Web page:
Frankfurt an den Oder – not to be confused with Frankfurt am Main some 600 kilometres to its west, hence the designation Frankfurt (Oder) – offers more than meets the eye. The eastern German city, perched on the Oder river dividing Germany and Poland, is home to 57,000 people, and while fairly quiet on first glance, has fostered several innovative start-ups, crossborder ventures and unique business opportunities. This placid atmosphere, in fact, is what attracts many workers and families to the city, according to Frankfurt (Oder) lord mayor Martin Wilke.
Situated directly on the east-west transport route of the North Sea-Baltic Corridor that connects the eastern ports of the Baltic Sea with the ports of the North Sea, Frankfurt (Oder)’s location is at the very centre of Europe. Its place on the Trans-European Transport Networks and at the interface of western and fast-growing eastern European markets makes it a highly strategic destination for business.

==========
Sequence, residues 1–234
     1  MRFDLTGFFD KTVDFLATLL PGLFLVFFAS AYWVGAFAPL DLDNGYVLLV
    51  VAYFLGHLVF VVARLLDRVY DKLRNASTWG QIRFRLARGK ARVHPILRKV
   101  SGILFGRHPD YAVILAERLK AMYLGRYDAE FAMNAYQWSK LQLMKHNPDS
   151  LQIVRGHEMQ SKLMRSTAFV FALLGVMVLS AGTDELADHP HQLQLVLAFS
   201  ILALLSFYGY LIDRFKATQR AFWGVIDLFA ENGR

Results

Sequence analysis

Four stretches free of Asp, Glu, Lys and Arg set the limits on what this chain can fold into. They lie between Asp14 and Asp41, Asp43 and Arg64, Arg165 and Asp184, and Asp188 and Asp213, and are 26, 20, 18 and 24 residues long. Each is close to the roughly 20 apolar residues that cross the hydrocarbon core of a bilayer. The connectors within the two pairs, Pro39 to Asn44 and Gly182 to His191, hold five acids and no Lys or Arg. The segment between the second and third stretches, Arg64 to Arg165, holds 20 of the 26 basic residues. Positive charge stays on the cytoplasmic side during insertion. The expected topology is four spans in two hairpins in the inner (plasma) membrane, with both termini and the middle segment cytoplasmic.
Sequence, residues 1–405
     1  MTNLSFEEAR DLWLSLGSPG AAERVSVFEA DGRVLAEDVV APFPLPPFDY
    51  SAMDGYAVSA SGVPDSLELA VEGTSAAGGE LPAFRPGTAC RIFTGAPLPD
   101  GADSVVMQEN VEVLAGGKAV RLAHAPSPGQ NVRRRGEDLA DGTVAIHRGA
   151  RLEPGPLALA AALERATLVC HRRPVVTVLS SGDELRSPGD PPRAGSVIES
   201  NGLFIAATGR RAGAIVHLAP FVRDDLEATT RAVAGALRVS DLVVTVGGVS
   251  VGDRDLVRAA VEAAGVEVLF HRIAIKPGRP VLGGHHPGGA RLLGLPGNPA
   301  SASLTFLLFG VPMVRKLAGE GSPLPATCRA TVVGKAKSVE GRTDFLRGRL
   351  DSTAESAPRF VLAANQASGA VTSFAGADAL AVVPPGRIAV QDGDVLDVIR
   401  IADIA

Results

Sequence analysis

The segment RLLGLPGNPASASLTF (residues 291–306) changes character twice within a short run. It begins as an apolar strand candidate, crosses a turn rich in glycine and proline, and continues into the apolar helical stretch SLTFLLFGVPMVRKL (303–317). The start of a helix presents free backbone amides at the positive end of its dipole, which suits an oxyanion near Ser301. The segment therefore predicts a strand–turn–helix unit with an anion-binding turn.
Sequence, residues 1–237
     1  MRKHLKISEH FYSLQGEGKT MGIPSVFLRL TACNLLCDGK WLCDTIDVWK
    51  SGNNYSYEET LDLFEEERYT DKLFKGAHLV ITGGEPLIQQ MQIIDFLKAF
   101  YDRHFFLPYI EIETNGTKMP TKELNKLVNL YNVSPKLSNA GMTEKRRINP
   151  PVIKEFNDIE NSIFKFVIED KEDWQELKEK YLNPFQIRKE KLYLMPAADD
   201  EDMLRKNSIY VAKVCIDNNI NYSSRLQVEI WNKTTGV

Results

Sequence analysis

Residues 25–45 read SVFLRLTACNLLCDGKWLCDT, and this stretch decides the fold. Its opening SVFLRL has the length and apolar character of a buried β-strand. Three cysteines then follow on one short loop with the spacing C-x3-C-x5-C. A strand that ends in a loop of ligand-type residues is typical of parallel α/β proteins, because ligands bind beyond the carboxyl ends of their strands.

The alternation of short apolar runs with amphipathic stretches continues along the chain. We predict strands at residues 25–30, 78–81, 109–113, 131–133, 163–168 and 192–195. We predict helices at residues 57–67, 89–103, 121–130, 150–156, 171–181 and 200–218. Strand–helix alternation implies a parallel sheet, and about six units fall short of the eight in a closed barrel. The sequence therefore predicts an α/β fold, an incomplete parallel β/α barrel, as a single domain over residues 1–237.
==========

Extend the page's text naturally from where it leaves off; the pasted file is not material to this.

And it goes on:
A capital advantage
More than 1000 workers commute into the city from Berlin daily, making use of the 44 trains travelling between the two cities each day and the convenient one-hour journey time. Berlin is only 90 kilometres away and Berlin Schonefeld airport can be reached within a 45-minute drive.
Out of East Brandenburg’s 17,500-strong workforce, the region in which Frankfurt (Oder) is located, more than 13,000 people travel to the city for work. There is also a high volume of movement between Frankfurt (Oder) and its 'twin city' Słubice, directly across the Oder river in Poland, with which it shares many joint programmes and public services. This is set to grow, thanks to new investments and initiatives introduced by the private and public sector.